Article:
Spleen removal

What is spleen removal surgery?

The spleen is a small, fist-sized organ located underneath left rib cage, close to the stomach. The spleen is a key component of the immune system as it contains white blood cells that kill bacteria and fight infections. The spleen also filters out old red blood cells from the bloodstream.

Spleen removal surgery is called a partial splenectomy if just part of the spleen is removed, or a splenectomy if the whole spleen is removed.

Why would you need spleen removal surgery?

The reasons you might need a splenectomy include:

  • A ruptured spleen – which could be caused by injury and can lead to internal bleeding which could be life-threatening.
  • Cancer involving the spleen – cancers that affect the blood cells, such as leukaemia or lymphoma, will likely result in the spleen needing to be removed.
  • Certain diseases – such as sickle cell disease can cause the spleen to stop functioning, and it therefore needs removing.
  • Infection – if an infection around the spleen does not clear up with other treatments, then a splenectomy will be recommended.

What does it involve?

Splenectomies can either be performed laparoscopically (keyhole surgery) or as open surgery. Most are carried out laparoscopically.

During a laparoscopic splenectomy, a special instrument guided by a camera is inserted via small incisions and allows the surgeon to access the abdomen and spleen without the need to make large cuts and scars. General anaesthetic is still required for this type of splenectomy.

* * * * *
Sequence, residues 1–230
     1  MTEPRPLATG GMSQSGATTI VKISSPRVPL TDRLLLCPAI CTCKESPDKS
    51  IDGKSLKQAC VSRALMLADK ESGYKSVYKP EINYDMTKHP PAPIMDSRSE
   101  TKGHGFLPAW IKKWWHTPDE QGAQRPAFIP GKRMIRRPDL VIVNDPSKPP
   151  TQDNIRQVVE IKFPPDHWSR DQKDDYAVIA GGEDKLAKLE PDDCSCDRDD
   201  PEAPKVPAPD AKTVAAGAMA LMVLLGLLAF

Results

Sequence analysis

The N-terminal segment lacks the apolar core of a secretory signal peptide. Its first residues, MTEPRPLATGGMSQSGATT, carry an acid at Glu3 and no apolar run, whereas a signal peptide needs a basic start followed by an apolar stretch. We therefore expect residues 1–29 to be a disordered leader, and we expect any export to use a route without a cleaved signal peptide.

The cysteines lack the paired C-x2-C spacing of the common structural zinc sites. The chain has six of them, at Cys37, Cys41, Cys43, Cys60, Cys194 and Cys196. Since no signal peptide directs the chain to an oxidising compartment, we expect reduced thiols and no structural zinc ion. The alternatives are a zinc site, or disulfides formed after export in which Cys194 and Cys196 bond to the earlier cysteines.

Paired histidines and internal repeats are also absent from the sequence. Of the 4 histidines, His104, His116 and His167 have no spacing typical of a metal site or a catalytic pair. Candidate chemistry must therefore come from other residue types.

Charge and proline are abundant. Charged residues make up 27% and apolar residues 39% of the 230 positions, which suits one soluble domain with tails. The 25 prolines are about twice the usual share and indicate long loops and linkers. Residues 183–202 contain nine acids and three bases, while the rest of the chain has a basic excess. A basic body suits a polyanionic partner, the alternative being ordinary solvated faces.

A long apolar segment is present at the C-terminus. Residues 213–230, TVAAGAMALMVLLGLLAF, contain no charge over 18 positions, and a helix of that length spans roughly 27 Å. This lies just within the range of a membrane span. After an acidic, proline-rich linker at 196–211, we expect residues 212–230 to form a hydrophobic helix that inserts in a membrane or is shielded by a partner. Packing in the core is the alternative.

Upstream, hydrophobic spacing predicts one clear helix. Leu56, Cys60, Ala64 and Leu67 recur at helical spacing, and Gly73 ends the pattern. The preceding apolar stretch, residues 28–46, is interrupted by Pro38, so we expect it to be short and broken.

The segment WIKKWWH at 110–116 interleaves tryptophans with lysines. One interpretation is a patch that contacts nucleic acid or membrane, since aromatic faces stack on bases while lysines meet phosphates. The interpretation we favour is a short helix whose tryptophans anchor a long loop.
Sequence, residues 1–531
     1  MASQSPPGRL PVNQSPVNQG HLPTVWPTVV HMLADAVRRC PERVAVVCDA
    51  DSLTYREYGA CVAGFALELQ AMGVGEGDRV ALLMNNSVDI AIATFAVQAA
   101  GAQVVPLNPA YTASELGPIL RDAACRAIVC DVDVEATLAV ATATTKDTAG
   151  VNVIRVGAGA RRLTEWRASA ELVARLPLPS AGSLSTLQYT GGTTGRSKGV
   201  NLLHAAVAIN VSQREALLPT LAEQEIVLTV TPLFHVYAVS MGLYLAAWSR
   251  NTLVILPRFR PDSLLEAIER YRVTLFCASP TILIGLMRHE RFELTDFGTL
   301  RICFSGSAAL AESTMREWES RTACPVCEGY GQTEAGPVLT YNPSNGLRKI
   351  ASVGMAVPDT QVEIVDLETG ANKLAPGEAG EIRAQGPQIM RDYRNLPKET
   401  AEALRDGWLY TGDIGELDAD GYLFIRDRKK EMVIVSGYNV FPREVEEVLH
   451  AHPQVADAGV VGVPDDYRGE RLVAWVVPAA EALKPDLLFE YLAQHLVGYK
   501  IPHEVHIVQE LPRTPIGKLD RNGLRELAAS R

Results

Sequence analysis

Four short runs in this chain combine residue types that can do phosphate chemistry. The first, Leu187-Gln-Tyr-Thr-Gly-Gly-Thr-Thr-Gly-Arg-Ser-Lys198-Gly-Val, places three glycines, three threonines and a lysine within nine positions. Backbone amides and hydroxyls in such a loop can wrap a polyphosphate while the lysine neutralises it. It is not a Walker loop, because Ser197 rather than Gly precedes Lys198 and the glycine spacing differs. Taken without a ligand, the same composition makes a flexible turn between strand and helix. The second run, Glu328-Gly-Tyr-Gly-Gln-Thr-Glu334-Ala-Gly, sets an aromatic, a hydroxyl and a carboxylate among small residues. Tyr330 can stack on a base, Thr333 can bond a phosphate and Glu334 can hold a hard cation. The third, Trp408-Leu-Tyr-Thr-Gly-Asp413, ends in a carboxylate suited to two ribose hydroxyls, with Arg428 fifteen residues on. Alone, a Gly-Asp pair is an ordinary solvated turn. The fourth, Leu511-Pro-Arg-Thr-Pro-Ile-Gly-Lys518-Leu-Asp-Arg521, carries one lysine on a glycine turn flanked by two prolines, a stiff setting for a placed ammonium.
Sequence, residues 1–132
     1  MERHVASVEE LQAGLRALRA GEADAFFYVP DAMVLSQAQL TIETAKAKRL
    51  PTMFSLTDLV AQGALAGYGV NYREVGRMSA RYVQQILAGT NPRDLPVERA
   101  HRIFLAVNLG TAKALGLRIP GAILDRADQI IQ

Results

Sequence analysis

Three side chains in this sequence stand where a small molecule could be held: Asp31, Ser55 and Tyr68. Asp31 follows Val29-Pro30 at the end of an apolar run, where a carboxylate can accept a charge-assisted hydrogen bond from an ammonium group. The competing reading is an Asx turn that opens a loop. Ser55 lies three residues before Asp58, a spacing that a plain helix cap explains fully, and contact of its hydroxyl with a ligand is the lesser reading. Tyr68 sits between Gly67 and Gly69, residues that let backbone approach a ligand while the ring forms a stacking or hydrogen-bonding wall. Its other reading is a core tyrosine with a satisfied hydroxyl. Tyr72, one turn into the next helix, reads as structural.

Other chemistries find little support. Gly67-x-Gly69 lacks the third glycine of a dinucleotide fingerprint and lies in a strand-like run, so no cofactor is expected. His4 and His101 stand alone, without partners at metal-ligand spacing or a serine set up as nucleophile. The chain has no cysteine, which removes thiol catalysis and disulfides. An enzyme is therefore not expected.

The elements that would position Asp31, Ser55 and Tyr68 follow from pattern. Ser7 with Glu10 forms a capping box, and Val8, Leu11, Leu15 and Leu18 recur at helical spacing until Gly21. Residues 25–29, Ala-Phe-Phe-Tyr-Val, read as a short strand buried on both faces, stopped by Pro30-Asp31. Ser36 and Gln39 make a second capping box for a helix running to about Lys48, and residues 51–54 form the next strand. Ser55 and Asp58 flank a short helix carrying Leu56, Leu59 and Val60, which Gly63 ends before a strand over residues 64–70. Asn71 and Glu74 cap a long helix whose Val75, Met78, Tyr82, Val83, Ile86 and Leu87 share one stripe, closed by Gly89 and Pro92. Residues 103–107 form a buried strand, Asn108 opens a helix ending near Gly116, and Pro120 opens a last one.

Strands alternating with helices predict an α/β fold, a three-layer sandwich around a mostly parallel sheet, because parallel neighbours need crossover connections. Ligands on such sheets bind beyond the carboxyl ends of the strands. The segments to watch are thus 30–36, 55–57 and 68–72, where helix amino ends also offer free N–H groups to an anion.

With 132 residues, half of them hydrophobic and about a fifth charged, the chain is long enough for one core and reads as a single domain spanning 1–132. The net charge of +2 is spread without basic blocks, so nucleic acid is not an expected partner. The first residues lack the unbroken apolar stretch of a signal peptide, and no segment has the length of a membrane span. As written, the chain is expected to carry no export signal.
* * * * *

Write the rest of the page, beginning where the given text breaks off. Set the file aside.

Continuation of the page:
Open surgery involves a large cut being made in the abdomen, to allow the extraction of the spleen. Open surgery is usually chosen if the spleen is very damaged or large and will often be done in an emergency case. General anaesthetic is also required.

How to prepare for it

Before surgery, you may be advised to stop taking certain medications, avoid eating and drinking, receive certain vaccines to prevent infection after the spleen is removed, and it may be necessary to have a blood transfusion to ensure that you have enough blood cells post-splenectomy.

Post-operative care

After a laparoscopic splenectomy, the small incisions are either stitched together or glued. Often patients are able to leave the same day or the following day. If the patient does return the same day, it is necessary for them to be accompanied by a family member or friend.

After an open surgery splenectomy, it will be necessary to stay in hospital for two to six days. It is normal to feel some pain, which can be managed with painkillers. During the hospital stay, you will be given some exercises to keep moving, to avoid blood clots. You can expect to recover and return to normal activities within six weeks.

Once you have healed fully, the other organs in the body are able to take over the functions that the spleen performed, however, you can be more prone to infection and sickness.

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